22 March 2011

AARs and Nickelodeon

DJ Lance would make a nifty Soldier. If you don't know who he is, you are missing out on one of the most captivating and entertaining characters on all of Nick Jr.

I was watching "Yo Gabba Gabba!" with my brother in law the other day when...what's that? Why was I watching? Oh, my little boy was really the one watching it and we just happened to be in the room.

Anyway, I don't need to rationalize it, the show is hilarious, in a psychedelic, creepy sort of way.

The one we saw featured guest Jack Black, who rode into the diorama set on a talking, flying motorcycle. He made friends with the Gabba creatures who defy all logic with their fraternal powers and ability to talk without moving their mouths.

At the end of show, the human host, DJ Lance (who is 1000 times bigger than guest Jack Black), asked the friends to remember what they did that day. A brief montage of the episode's highlights ensued.

My brother in law, by the way, was even more entranced than my son. But he's an officer, so he's easily mesmerized by bright colors and loud noises. He said he liked the AAR.

The AAR, or After Action Review, is one thing the Army gets right. After each mission, Soldiers at every level conduct a review of all its phases.

According to the Army, an AAR is to be open, honest, inclusive, positive, and should relate to learning and training standards. It has four main components:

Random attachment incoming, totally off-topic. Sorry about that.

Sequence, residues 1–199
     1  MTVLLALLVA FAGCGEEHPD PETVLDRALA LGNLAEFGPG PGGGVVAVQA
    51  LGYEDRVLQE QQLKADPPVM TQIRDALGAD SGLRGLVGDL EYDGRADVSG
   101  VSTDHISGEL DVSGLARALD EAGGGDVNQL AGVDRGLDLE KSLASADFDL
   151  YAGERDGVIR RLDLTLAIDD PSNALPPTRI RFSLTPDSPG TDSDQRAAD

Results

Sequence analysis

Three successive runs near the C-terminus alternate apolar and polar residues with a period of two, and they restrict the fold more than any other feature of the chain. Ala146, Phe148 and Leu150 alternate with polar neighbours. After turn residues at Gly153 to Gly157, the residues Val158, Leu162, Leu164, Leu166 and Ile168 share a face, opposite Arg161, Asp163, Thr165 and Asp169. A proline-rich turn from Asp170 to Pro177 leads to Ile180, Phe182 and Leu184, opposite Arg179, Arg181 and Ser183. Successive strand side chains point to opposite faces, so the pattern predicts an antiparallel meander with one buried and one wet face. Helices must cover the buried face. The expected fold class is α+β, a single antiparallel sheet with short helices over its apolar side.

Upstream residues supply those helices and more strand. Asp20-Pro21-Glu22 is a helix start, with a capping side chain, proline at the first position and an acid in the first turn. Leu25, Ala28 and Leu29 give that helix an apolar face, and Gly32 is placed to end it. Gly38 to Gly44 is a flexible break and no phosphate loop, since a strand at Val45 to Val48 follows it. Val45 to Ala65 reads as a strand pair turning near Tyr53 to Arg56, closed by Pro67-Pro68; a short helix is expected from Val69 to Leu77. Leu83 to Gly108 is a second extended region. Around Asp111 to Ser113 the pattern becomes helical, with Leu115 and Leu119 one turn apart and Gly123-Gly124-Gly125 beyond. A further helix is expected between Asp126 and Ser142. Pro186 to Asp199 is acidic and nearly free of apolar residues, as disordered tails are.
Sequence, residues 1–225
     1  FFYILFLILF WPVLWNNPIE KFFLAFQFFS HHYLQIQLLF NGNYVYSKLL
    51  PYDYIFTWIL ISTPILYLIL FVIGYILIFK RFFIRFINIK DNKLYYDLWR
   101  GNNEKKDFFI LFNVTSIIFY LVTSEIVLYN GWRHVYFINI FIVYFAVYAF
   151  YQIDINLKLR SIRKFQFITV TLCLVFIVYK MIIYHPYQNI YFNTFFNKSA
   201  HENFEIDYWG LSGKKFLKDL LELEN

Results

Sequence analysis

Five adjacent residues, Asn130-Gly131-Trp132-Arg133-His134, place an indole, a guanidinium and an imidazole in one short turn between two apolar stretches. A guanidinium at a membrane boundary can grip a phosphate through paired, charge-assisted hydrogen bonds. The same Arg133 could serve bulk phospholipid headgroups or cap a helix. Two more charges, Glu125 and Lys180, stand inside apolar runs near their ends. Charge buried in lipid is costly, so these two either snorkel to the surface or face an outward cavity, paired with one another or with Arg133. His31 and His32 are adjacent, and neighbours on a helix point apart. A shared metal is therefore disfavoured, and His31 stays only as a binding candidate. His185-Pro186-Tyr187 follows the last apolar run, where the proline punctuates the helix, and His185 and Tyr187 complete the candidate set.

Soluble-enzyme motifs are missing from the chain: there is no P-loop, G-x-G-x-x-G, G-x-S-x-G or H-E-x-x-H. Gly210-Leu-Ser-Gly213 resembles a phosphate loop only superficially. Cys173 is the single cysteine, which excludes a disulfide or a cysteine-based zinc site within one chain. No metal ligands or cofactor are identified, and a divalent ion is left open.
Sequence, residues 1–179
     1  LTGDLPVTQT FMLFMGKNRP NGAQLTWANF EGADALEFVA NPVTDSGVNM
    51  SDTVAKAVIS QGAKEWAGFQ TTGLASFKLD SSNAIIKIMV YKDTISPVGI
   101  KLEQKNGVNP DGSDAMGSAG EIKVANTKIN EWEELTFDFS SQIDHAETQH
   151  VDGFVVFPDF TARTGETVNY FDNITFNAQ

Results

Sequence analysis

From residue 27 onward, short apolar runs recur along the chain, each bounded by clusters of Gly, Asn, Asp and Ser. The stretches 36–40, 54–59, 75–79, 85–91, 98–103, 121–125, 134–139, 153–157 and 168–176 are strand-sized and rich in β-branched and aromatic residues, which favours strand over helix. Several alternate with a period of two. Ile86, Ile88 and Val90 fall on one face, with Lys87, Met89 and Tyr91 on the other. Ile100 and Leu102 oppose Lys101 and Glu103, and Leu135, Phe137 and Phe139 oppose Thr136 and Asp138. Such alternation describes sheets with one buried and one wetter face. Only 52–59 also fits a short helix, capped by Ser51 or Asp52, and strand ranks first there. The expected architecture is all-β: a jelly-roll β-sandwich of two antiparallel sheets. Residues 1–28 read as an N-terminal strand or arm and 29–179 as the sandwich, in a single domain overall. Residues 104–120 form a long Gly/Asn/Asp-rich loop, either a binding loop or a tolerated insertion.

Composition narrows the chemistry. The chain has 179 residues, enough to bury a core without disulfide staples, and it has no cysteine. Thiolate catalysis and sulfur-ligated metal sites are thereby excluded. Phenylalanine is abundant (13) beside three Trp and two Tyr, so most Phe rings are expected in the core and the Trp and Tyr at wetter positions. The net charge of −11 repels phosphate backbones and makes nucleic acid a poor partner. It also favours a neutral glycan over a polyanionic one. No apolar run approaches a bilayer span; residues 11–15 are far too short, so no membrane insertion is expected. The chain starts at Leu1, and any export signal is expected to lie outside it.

1. A review of what was supposed to happen
2. An explanation of what did happen
3. A description of what went well
4. A critique of what could be done better

The AAR, done properly, is elegant in its simplicity. It is also a very powerful component of learning. In effective classrooms, teachers who spend just a few minutes on the four steps will see noticeable achievement gains over those who merely assume that what was intended to happen did, in fact happen.

Leaders see things from an entirely different perspective from their subordinates. The latter need to explain it from their point of view in order to grasp what they need to do and know. Leaders need to improve as well; to become better at their tasks and to make training more effective for their underlings.

I love the AAR.

Even more than my brother in law loves "Yo Gabba Gabba!"


  1. This has got to be the most retarded blog entry to date. Maybe you should consider doing things differently. Like stopping. Except for the part where you watch 'Yo! Gabba, gabba!'.

  2. While I agree with Anonymous (above) that watching Yo Gabba Gabba is cool, I disagree that this blog post is retarded. I think the main point I took away is that, if Yo Gabba can get the AAR right, then why don't we use an effective tool like AAR in all other teaching settings?? I have to conduct some medical training next week, and I think I'll use the AAR. Thanks Rich!